President Trump’s announced plan to withdraw troops from Afghanistan and Iraq has been met with mixed reactions with some Republicans pushing back on the idea, but President-elect Joe Biden has been relatively mum.
Biden’s silence on troops in Afghanistan and Iraq have many wondering how he will handle the remaining troops left in the two countries once he enters office.
In a 2012 tweet while serving as vice president during the Obama administration, he said that U.S. troops would be out of Afghanistan by 2014 – a goal that was not met.
“VP on Afghanistan: "We will leave in 2014," he wrote.
Biden voted against the war in Iraq in 1991 under President George H. W. Bush, but 10 years later following the attacks on Sept. 11, 2001, the Democratic senator from Delaware voted in unanimous consent for the war in Afghanistan. He then supported sending troops to Iraq in 2003 – a choice he seemingly grappled with in the years following, calling it a “mistake.”
But in 2007 he voted against a $94.4 billion proposal which would have forced then-President George W. Bush to put together a withdrawal plan from Iraq.
“I want to ask any of my other colleagues, would they, in fact, vote to cut off the money for those troops to protect them?” Biden told Tim Russert in September 2007. “This isn’t cutting off the war. This is cutting off support that will save the lives of thousands of American troops.”
Biden’s son Beau, a captain in the Delaware Army National Guard, deployed to Iraq in October 2008 – a move that some have thought may have altered his stance on U.S. troops in the Middle East.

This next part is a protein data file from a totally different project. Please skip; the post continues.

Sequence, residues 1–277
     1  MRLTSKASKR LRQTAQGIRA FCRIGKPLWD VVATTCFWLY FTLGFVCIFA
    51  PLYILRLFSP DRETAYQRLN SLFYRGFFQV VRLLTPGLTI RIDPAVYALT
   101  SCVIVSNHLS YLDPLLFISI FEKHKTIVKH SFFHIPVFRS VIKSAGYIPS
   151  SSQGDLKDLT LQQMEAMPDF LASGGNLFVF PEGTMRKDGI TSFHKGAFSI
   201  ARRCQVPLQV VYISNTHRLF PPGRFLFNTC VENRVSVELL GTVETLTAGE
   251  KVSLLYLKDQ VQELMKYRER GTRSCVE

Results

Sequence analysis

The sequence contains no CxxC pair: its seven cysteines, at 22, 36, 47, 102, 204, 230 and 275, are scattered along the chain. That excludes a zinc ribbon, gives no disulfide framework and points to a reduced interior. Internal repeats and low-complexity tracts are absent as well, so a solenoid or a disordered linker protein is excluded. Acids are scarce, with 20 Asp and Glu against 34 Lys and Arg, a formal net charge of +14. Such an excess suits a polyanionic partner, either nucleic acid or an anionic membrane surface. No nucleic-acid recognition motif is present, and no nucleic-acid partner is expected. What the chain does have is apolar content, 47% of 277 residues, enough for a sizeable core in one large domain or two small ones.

By 2009, as vice president, he tried to persuade Obama not to send an additional 30,000 troops to Afghanistan.
“You might get a position where you’ve got to make a really tough god—-ed decision on this,” Biden reportedly warned.
Biden will be inaugurated on Jan. 20, 2021, meaning he will have the ability to reverse Trump’s plans to stop the “endless wars” in the Middle East or see them through – though which he will do remains unclear.
The president-elect surprised voters in September after he told Stars and Stripes that he would likely maintain a presence in the region to see through the Taliban-Afghan government peace deal and ensure stability against forces like ISIS.
“These ‘forever wars’ have to end. I support drawing down the troops. But here’s the problem, we still have to worry about terrorism and [the Islamic State],” Biden reportedly told the publication.
“I think we need special ops capacity to coordinate with our allies,” Biden said, adding that he thinks “1,500 to 2,000” troops would likely remain.
Trump is expected to order U.S. troops be cut roughly in half to 2,500 troops in Afghanistan, while Iraq would also see 500 troops removed, leaving 2,500 in the Levant nation.
But Biden is not alone in his belief that some troops should stay behind.
"A small minority in both parties seem to think it's in America's power to unilaterally resolve conflicts by simply walking away from them,” Sen. Mitch McConnell said on the Senate floor following the White House’s announcement.
"We're playing a limited, but important role in defending American national security and American interests against terrorists who would like nothing more than for the most powerful force for good in the world to simply pick up our ball and go home," he said. "They would love that."
"Of course, all wars must end," McConnell said. "The question is now how they end, and whether the terms on which they end are favorable or unfavorable to the security and interests of the United States."